2007: (first woman rabbi in Poland and Czech Republic) RABBI TANYA SEGAL‘s Jewish renaissance in Poland captured by LINDA SOBERMAN’s portrait embedded in Krakow’s past
2009: (first Orthodox ordained rabba) RABBA SARA HURWITZ‘s community-driven leadership conveyed by KATHRYN JACOBI’s painting of her world shaped by her family and her students
2012: (founding feminist theologian/ethicist) RABBI RACHEL ADLER‘s landmark feminist essay recorded as a page of Talmud by MARILEE TOLWIN’s Tolwin’s drawing
2013: (co-editor of The Torah: A Women’s CommentaryRABBI TAMARA COHN ESKENAZI‘s faith after the Holocaust conveyed by Carol Hamoy‘s commandment-inscribed gloves



This exhibition provides a lens on the creative and spiritual vision sparked by women’s rabbinical leadership, with the recognition that their many advances and accomplishments are just the beginning. “In just 50 years, what was once unthinkable has become foundational. And the pioneering continues: more firsts will be achieved as the next generation of rabbis break new ground, building and changing communities around the world, and extending the inclusion that their presence as women in the rabbinate represents to other categories, such as race, sexuality, and disability,” says Judith Rosenbaum, Ph.D., Chief Executive Officer, Jewish Women’s Archive.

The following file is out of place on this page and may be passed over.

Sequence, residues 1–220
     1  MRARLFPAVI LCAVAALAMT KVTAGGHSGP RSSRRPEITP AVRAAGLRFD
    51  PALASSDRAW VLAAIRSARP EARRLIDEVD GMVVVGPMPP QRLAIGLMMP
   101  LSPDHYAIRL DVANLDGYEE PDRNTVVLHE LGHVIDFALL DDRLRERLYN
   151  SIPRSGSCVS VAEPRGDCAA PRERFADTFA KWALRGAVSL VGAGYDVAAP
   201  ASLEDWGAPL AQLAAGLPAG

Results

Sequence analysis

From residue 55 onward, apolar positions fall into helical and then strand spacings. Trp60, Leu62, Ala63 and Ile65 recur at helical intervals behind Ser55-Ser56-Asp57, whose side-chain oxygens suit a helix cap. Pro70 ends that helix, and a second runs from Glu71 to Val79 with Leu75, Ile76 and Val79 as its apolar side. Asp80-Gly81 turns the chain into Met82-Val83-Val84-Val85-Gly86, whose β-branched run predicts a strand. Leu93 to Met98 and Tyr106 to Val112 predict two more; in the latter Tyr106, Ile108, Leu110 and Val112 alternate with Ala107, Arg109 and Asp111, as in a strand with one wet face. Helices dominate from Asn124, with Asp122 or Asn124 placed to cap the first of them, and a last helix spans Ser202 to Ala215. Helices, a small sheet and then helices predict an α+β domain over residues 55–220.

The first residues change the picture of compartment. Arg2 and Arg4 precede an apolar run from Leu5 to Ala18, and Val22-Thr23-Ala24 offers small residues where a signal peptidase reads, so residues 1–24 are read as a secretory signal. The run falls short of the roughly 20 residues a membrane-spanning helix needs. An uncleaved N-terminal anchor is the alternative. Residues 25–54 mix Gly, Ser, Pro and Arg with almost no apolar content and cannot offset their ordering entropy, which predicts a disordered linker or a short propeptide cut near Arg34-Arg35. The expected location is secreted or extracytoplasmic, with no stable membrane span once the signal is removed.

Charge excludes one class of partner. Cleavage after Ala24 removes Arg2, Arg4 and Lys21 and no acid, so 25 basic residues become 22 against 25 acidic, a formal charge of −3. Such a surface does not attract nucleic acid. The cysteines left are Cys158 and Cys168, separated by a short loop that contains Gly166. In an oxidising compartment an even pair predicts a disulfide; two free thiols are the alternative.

As “holy sparks,” women in the rabbinate are builders of a vital Jewish future, kindling the Jewish engagement, education, and identity of communities far and wide, today and for the generations to come.

The exhibition will travel to other venues following its presentation at the Skirball Museum in Cincinnati. For further information, please contact: 212-824-2209; jrosensaft@huc.edu


“HOLY SPARKS” Celebration Consortium

Celebrating 50 Years of Women in the Rabbinate with
Hebrew Union College – Jewish Institute of Religion and The Braid 

Academy for Jewish Religion, Los Angeles, CA
American Conference of Cantors
Central Conference of American Rabbis
Hadassah Magazine
Hebrew College, Newton Centre, MA
Israel Movement for Reform and Progressive Judaism
Israel Religious Action Center
Jacob Rader Marcus Center of the American Jewish Archives, HUC-JIR, Cincinnati, OH
Jewish Art Salon
Jewish Book Council
Jewish Orthodox Feminist Alliance, Silver Spring, MD
The Jewish Theological Seminary, New York, NY
Jewish Women International
Jewish Women’s Archive, Brookline, MA
Leo Baeck College, London, United Kingdom
Lilith Magazine
MARAM: Council of Reform Rabbis in Israel
Moment Magazine
Rabbinical Assembly, New York, NY
Reconstructionist Rabbinical College, Wyncote, PA
Schechter Institute of Jewish Studies, Jerusalem, Israel
Union for Reform Judaism
Women of Reform Judaism, New York, NY
Women of the Wall, Jerusalem, Israel
Women’s League for Conservative Judaism
Women’s Rabbinic Network 
World Union for Progressive Judaism
Yeshivat Maharat, Riverdale, NY
Ziegler School of Rabbinic Studies, American Jewish University, Los Angeles, California